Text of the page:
A bridge that bends in a strong earthquake and not only remains standing, but remains usable is making its debut in its first real-world application on a busy downtown Seattle highway. Memory-retaining alloy is the key to success in this pioneering
technology. “We’ve tested new materials, memory retaining metal rods and flexible concrete composites in a number of bridge model studies in our largescale shake table lab. It’s gratifying to see the new technology applied for the first time in an important setting in a seismically active area with heavy traffic loads,” said Saiid Saiidi, civil engineering professor and researcher at the University of Nevada, Reno.

“Using these materials substantially reduces damage and allows the bridge to remain open even after a strong earthquake.” Saiidi, who pioneered this technology, has built and destroyed – in the lab – several large-scale 200-ton bridges, single bridge columns and concrete abutments using various combinations of innovative materials, replacements for the standard steel rebar and concrete materials and design in his quest for a safer, more resilient infrastructure. “We have solved the problem of survivability, we can keep a bridge usable after a strong earthquake,” Saiidi said. “With these techniques and materials, we will usher in a new era of super earthquake-resistant structures,” said Saiidi.

Saiid Saiidi, civil engineering professor and researcher at the University of Nevada, Reno, at the large test laboratory.

A giant leap forward

The University partnered with the Washington Department of Transportation and the Federal Highway Administration to implement this new technology on their massive Alaska Way Viaduct Replacement Program. “This is potentially a giant leap forward,” Tom Baker, bridge and structures engineer for the Washington State Department of Transportation (WSDOT), said. “We design for nocollapse, but in the future, we could be designing for no-damage and be able to keep bridges open to emergency vehicles, commerce and the public after a strong quake.” Modern bridges are designed not to collapse during an earthquake but this new technology takes that design a step further.

In the lab, bridge columns built using memory-retaining nickel/titanium rods and a flexible concrete composite returned to their original shape after an earthquake as strong as magnitude 7.5. “The tests we’ve conducted on 4-span bridges leading to this point aren’t possible anywhere else in the world than our large-scale structures and earthquake engineering lab,” Saiidi said. “We’ve had great support along the way from many state highway departments and funding agencies like the National Science Foundation, the Federal Highway Administration and the U.S. Department of Transportation. WSDOT recognized the potential of this technology and understands the need to keep infrastructure operating following a large earthquake.”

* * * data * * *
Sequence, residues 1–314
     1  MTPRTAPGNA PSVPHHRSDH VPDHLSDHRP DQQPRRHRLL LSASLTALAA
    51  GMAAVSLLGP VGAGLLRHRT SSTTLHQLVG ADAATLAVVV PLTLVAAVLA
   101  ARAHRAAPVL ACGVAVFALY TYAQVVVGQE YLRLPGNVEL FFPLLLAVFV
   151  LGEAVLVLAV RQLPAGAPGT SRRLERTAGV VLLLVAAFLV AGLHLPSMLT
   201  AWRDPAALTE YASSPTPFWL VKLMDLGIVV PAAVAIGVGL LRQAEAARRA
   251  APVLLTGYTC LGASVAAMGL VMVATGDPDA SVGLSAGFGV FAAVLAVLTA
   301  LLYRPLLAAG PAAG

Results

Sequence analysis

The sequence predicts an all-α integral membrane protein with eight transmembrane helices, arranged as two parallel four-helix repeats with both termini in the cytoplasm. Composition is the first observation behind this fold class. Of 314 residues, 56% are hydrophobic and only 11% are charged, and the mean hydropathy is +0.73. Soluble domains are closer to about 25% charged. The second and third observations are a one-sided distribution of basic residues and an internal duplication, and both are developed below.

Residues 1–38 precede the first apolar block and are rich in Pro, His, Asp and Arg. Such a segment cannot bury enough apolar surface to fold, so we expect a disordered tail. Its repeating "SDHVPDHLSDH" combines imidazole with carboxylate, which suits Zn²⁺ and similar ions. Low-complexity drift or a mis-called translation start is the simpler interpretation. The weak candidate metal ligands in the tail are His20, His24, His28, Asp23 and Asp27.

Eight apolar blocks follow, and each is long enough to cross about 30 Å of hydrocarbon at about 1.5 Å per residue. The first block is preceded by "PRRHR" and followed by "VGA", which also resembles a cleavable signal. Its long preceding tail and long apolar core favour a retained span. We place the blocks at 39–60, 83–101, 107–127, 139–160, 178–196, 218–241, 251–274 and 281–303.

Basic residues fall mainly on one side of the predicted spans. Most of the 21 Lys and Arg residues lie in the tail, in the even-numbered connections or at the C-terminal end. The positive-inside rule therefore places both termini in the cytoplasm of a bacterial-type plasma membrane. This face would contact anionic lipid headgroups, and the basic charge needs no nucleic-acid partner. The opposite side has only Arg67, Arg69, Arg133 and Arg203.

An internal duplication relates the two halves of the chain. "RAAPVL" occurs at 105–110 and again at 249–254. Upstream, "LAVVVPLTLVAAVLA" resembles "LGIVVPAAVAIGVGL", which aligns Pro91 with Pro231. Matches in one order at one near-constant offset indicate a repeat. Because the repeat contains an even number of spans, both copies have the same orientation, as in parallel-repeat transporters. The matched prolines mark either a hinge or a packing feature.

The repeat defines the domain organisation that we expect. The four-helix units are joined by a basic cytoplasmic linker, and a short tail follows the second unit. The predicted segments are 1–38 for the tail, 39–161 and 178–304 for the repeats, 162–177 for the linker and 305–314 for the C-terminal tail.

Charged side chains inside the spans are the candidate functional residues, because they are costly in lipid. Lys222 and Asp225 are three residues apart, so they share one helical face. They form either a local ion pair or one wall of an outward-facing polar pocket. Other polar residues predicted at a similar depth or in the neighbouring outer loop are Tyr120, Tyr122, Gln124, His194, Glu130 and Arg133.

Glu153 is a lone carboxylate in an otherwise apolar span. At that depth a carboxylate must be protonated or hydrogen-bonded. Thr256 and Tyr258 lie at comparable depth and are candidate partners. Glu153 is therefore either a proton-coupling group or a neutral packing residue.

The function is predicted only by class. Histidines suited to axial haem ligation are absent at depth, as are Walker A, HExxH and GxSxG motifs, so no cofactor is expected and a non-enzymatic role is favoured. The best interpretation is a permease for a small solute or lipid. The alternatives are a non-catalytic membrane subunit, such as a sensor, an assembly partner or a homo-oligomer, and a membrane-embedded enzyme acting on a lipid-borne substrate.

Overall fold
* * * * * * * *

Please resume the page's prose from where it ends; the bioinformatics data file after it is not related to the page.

Memory retaining alloys substantially reduce damage, allowing structures such as bridges to remain open even after a strong earthquake.

Seismic lab trials

In an experiment in 2015 one of Saiidi’s bridge’s moved more than six inches off centre at the base and returned to its original position, as designed, in an upright and stable position. At up to 250% of the design parameters the bridge still had excellent results. “It had an incredible 9% drift with little damage,” Saiidi said. WSDOT has decades of experiences building and refitting bridges to withstand earthquakes. However there are two cutting edge differences with the design of this bridge. Tom Baker explains: “The most crucial factor is reinforcing bars called SMA, Shape Memory Alloy. These bars remember what their original shape was.

The concept is not new; for instance titanium frames for eyeglasses are flexible and return their original shape when bent. However building a bridge with SMA technology is more complicated. The second factor is that you not only need the bars to return to their original shape, but also the concrete surrounding the bars. We are using a highly flexible concrete which contains a lot of fibres so as it moves it doesn’t crack and fall away.” The idea of combining SMA with flexible concrete in bridges started 15 years ago in the University of Nevada, Reno, testing laboratory. “The tests we have done in the laboratory have really pushed things to the limits,” said Saiidi. “We have simulated very strong earthquakes, well beyond the kind of earthquakes that are likely to occur during the lifespan of the bridge.”

Standard bridges fail under these conditions, but the laboratory tests prove that with shape memory alloys and composites the bridge will move back into its original shape. The Seattle off-ramp with the innovative columns is currently under construction and scheduled for completion in spring 2017.

Memory-retaining nickel/titanium rods and specialized concrete composite are key to the flexible structures.

Seismic Test Video

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